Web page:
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Quietly reading my paper in a local pub when I heard someone who has recently become self employed talk to "the man in the pub " seeking his wise counsel. In the space of about 10 minutes totally wrong and possibly fraudulent advice was given to this poor mutt

My natural missionery zeal was to interfere and correct the situation but then I thought NO let the poor sap act on the advice and possibly come to me or another accountant when HMRC kick him in the groin

Was I right or wrong ??

  

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16th May 2019 10:19

Defo right. PNL was sitting at the table on the other sider and would have had to step in to correct you, the man in the pub, had you interfered... :-)

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16th May 2019 10:19

Depends on the advice. Do tell.

Not sure HMRC will kick him in the groin, but it was an oft used tactic at HM Customs & Excise.

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16th May 2019 10:44

Had a contractor client in yesterday ... “I’ve been speaking to the guys in the depot ... they do X ... ... but I think they’ve got a dodging accountant ‘cos there was lots of winking & laughter”.

Me: “well we’ll not be doing X”
Client: “I thought you’d say that, that’s why I pay you I suppose”.

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16th May 2019 10:48

I get a richer class of client so it tends to be the man in the golf club (or once the man at the House of Lords!), the advice seems to be of a similar quality though!

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16th May 2019 11:29

Are you to concerned how you will meet your AML reporting requirements here? You clearly must report this conversation between two unidentified parties as a matter of urgency.

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to Roland195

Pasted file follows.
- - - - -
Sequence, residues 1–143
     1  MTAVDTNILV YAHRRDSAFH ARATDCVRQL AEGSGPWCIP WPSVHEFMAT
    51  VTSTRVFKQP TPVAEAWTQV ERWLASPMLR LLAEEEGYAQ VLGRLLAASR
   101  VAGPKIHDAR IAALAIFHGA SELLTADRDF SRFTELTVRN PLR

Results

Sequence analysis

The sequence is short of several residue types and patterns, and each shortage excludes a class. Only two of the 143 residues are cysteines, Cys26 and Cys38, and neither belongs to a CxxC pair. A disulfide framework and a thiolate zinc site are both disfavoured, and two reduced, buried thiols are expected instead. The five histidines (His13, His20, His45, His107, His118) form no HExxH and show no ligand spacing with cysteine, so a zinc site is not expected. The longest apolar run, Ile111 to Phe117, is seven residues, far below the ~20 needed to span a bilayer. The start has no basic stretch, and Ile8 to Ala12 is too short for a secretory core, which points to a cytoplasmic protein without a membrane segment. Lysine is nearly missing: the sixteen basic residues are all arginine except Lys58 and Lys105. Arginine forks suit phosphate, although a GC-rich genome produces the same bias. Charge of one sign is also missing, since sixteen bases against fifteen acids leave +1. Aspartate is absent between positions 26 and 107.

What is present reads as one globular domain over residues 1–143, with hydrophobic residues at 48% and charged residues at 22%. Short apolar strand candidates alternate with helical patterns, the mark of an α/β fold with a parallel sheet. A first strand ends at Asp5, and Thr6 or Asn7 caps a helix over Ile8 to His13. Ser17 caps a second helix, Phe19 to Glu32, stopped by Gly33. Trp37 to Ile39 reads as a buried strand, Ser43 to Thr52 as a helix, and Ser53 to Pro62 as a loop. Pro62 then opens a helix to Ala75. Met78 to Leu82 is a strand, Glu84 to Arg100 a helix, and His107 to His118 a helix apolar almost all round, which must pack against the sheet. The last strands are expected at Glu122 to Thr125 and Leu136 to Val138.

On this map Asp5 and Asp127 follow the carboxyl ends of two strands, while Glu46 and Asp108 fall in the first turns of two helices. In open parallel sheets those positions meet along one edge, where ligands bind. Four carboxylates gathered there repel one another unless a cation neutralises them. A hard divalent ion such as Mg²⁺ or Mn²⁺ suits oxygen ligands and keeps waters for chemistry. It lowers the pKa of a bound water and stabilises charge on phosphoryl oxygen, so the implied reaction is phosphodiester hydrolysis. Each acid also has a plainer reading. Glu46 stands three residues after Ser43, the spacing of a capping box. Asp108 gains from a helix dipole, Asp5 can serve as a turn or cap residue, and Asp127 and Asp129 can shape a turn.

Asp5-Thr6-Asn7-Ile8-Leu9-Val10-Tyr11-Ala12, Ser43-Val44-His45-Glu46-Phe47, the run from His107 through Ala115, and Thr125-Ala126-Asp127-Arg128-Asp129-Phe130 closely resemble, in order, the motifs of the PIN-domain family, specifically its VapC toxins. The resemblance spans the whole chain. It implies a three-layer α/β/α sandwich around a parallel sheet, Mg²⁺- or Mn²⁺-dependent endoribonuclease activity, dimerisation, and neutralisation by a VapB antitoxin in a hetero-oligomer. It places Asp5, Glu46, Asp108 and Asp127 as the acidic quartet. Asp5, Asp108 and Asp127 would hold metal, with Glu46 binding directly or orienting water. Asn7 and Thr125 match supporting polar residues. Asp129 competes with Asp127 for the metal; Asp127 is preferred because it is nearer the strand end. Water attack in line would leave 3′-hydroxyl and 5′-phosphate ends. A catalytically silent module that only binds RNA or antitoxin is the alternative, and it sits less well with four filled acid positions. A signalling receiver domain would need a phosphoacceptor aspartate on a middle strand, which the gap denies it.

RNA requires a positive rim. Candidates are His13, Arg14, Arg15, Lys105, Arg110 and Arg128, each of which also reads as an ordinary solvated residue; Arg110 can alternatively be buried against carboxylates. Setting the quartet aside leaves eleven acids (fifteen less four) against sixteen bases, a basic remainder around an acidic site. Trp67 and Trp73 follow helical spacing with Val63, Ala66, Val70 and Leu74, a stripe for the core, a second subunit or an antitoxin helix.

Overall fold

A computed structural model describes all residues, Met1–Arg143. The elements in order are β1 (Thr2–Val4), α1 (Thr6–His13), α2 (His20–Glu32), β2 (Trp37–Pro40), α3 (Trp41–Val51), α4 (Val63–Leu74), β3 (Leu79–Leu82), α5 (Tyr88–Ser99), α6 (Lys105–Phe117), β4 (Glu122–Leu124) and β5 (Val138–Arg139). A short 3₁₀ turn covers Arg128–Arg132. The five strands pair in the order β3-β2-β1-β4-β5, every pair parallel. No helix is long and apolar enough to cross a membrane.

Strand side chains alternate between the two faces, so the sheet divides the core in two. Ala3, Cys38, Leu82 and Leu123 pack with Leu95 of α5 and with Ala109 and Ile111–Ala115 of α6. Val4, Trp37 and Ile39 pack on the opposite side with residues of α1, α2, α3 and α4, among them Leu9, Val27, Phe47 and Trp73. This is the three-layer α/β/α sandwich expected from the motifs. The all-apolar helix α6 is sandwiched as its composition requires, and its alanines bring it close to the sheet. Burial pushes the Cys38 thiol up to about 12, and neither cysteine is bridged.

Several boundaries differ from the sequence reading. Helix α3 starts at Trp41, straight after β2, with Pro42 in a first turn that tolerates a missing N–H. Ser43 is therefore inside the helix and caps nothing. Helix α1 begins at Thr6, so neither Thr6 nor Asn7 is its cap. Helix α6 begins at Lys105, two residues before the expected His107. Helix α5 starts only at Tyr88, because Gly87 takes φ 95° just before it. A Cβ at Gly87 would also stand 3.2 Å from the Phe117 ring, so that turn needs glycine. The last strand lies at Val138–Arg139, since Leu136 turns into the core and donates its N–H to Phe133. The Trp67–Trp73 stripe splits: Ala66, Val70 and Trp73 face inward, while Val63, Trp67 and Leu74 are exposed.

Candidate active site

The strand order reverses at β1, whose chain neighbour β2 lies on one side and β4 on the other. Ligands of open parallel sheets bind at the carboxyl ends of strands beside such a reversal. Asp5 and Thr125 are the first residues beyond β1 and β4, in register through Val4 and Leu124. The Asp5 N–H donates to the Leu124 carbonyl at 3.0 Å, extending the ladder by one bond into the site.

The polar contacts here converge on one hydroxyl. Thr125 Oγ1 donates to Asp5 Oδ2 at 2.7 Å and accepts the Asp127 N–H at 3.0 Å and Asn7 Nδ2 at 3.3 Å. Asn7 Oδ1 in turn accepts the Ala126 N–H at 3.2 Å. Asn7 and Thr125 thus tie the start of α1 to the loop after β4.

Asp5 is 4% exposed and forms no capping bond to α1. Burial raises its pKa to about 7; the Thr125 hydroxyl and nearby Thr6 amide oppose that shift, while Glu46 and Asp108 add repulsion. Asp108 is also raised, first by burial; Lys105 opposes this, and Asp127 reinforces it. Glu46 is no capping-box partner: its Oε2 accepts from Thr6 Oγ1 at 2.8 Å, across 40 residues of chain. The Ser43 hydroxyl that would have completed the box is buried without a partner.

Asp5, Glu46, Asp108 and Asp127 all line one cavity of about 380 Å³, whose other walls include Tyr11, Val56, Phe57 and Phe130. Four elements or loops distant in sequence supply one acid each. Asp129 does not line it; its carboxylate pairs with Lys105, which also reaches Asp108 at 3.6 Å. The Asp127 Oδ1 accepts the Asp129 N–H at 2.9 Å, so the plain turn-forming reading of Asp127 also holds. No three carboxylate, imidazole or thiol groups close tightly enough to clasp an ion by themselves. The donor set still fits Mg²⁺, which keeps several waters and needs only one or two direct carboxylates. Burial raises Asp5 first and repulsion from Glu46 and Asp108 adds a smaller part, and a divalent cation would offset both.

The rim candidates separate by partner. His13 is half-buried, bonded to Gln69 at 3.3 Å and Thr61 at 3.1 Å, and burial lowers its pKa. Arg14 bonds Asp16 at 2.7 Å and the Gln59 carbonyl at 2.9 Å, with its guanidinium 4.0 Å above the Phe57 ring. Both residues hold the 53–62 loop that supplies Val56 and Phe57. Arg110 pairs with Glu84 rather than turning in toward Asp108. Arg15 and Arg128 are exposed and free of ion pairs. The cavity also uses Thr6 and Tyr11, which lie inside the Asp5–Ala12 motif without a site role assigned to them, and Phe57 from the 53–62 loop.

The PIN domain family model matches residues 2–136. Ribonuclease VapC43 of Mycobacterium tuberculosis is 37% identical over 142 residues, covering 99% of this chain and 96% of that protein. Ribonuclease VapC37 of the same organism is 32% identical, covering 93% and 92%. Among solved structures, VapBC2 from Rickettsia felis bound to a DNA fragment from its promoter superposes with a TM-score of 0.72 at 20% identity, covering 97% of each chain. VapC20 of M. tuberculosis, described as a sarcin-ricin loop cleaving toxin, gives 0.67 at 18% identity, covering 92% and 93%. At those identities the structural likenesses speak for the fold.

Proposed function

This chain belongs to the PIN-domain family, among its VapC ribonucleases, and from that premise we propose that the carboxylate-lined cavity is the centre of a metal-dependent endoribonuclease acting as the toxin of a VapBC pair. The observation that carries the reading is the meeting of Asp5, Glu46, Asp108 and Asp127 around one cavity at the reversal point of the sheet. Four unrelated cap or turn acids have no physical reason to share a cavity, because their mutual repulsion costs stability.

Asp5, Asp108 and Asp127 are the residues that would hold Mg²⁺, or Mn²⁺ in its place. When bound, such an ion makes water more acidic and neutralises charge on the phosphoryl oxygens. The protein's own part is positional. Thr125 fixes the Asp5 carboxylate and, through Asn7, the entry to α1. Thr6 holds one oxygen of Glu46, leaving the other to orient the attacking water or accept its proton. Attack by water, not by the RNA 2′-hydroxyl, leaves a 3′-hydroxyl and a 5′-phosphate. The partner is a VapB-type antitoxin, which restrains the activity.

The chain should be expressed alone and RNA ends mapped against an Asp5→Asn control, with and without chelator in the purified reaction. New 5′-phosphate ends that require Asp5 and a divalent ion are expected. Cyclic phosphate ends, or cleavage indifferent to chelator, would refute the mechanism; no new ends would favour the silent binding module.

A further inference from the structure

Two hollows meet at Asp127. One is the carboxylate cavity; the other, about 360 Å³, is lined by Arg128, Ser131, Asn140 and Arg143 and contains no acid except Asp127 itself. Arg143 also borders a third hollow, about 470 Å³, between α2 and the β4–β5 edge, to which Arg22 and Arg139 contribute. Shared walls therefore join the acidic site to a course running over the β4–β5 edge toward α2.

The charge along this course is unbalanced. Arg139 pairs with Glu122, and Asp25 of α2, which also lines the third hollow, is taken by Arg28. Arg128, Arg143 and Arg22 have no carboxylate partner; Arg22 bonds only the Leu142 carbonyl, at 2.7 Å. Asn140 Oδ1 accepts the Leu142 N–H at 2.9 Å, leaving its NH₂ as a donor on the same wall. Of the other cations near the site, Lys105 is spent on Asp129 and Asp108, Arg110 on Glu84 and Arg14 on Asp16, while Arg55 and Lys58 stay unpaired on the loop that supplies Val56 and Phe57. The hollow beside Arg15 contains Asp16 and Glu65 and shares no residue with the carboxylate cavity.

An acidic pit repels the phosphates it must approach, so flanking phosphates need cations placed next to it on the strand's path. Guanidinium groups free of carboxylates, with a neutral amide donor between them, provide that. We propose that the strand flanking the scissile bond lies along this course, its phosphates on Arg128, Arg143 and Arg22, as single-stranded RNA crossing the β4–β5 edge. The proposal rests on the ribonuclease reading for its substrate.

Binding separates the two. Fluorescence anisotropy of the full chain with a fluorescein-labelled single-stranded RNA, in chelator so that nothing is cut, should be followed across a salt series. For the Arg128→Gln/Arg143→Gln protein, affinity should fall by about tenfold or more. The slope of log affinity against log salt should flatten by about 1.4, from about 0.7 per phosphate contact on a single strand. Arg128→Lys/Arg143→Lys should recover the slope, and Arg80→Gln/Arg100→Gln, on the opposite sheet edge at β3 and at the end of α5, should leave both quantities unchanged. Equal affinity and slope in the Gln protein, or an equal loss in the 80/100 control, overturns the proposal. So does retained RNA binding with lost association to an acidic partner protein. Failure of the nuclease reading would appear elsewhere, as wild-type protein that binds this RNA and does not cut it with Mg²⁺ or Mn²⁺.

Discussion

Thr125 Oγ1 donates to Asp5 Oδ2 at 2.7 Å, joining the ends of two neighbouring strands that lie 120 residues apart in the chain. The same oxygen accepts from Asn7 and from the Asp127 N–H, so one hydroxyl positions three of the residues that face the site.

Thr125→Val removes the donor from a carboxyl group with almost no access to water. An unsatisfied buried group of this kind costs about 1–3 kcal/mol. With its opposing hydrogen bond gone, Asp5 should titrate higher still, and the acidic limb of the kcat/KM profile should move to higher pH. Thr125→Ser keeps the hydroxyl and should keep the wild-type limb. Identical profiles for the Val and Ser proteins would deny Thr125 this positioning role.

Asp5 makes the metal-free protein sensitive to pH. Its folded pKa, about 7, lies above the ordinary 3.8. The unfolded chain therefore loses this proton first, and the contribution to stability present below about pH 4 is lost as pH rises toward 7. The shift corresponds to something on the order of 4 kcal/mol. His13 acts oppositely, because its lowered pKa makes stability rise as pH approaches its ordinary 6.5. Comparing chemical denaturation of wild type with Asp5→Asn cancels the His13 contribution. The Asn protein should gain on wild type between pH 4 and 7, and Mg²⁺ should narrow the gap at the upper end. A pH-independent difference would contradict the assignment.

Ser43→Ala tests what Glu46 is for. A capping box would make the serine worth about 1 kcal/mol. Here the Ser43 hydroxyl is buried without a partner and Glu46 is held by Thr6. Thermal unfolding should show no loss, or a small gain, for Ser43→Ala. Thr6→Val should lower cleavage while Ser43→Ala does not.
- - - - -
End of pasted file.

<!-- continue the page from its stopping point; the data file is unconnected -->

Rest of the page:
16th May 2019 11:43

Unless he's a professional beer taster offering tax advice, he didn't come across this information in the course of work, and so the only report needed is to the RAT group on Facebook on the quality of the ale.

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16th May 2019 11:52

For some time there has been a question as to whether free advice from someone who holds themself out to be expert in an area can give rise to a duty of care and potentially, therefore, give grounds for an action in negligence and there is, of course, the regulatory aspect of tax advice and AML. However, offering advice to people in pubs is probably one of the more dangerous ways to correct those in doctrinal error and I think, therefore, discretion is called for.

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16th May 2019 15:58

I am low rent compared to you guys.
Last week I was going between clients and dropped into McDonalds for a coffee where I heard "2 men in McDonalds" giving some top advice.

They seemed to be 2 road workers advising the apprentice how to go on:

1. Always clock on before you go to the toilet to read the
paper.

2. You don't get questioned about sick leave until you
have 15 days off. So just self cert yourself for 2 weeks,
it just like extra holidays.

3. On Sunday one of us turns up and clocks everyone in,
then clocks everyone out at 1. Its double bubble on a
Sunday so you get 8 hours without leaving the pub.

I am suprised they did not hear me as i was almost choking on my drink trying not to laugh. But it is amazing the views some people have on what is acceptable. This is also probably why roadworks take twice as long as they should with this work ethic.

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By DJKL
to Glennzy
16th May 2019 15:32

What about shovel leaning/hanging over barriers, or is that lesson 4?

The accepted rule is one goes into the hole with the spade and 3 to 4 hang around the edge of the hole talking presumably about the hole.

My favourite is of course get all the cones out for say a five mile stretch and then four to five work around one small hole, especially in the summer.